Saturday, August 5
Bad Bug/Good Bug part II
I finally started digging in the mowing edge today, and was working around the tomato plants when I found it: A tobacco hornworm. Tobacco and tomato hornworms eventually become cool-looking hawk and sphinx moths, but at this stage of their lives they will decimate your tomatoes, peppers, tobacco, and eggplants.
My first inclination was to take him over to the driveway and squish him. I wasn't quite sure what was up with the little cottony hangers-on, though, so I decided to come inside and do some internet research to figure out whether this was a normal sight or whether I had yet another pest to deal with in the garden.
I'm glad I did my homework, because the little white things are the cocoons of small braconid wasps, a.k.a. parasitic wasps--in this case, most likely Cotesia Congregata since since hornworms are their favorite hosts. These parasitic wasps lay their eggs inside the skin of a young hornworm larvae. Their babies feed on the insides of the hornworm until they pupate into the cocoons you see above.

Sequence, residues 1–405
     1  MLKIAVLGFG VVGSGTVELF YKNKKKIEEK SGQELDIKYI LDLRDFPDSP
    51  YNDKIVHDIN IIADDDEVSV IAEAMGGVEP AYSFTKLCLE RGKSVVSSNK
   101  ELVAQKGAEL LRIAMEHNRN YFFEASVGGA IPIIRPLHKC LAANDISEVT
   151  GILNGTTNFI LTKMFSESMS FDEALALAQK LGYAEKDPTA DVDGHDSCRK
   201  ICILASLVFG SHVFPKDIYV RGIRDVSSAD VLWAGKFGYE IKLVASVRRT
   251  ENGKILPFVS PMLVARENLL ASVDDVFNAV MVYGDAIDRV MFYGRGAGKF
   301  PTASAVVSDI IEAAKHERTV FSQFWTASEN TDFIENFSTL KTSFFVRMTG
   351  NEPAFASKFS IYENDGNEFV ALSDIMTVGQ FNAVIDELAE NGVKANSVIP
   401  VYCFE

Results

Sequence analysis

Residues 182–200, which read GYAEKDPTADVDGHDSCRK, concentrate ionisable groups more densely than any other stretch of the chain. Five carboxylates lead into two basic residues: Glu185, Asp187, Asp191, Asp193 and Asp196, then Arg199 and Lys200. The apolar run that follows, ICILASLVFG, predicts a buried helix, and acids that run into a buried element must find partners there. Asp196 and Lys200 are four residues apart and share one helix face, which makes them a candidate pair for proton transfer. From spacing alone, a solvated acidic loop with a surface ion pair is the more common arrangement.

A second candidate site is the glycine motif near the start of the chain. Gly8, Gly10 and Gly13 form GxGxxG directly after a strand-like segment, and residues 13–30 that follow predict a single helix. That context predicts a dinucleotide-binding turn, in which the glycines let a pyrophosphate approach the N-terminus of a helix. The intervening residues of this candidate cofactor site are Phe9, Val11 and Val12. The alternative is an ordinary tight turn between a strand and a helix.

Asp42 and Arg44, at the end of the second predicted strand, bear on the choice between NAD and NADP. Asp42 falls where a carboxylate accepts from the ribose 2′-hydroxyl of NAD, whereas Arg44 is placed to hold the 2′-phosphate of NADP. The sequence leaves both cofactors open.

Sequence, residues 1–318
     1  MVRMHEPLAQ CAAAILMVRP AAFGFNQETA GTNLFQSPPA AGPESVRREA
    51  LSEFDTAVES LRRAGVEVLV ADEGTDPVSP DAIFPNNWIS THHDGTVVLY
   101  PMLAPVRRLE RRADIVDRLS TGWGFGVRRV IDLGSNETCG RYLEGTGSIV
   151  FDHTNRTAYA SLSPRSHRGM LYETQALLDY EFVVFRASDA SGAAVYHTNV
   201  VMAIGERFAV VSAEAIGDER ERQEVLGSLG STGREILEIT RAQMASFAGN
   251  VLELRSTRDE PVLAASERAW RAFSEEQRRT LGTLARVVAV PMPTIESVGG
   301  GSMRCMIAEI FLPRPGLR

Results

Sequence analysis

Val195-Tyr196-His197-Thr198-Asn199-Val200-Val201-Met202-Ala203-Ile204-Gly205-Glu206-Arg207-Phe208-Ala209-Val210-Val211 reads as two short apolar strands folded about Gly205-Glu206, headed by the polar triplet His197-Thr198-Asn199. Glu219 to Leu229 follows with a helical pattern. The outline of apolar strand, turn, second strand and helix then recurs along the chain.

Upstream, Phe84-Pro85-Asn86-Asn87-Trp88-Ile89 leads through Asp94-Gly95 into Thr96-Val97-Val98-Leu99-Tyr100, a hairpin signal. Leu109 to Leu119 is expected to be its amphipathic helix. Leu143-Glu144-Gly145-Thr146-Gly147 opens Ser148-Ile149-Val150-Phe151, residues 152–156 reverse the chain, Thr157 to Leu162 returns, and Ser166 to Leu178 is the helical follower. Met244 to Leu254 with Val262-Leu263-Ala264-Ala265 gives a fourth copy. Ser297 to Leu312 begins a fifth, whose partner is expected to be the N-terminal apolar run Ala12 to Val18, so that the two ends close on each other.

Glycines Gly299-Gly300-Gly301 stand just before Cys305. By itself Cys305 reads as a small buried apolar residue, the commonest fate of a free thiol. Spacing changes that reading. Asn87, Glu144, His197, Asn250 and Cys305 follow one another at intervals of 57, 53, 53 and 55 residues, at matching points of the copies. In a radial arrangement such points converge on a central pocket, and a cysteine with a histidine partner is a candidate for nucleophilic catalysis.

Once they emerge from their cocoons the new adult wasps will fly off to find mates and start the parasitization cycle all over again. The hornworms do not survive the raising of these parasitic wasps, so it's best to leave hornworms in the garden if they have cocoons attached. In effect, the hornworm is already doomed and by leaving the cocoons to hatch you will be raising some beneficial insects to help you fight future garden pests.
I don't know what's up with me finding all of these bad bug/good bug combos this week, by the way. But I'm sure getting good use out of one of my favorite books for garden bug identification: Garden Insects of North America by Whitney Cranshaw.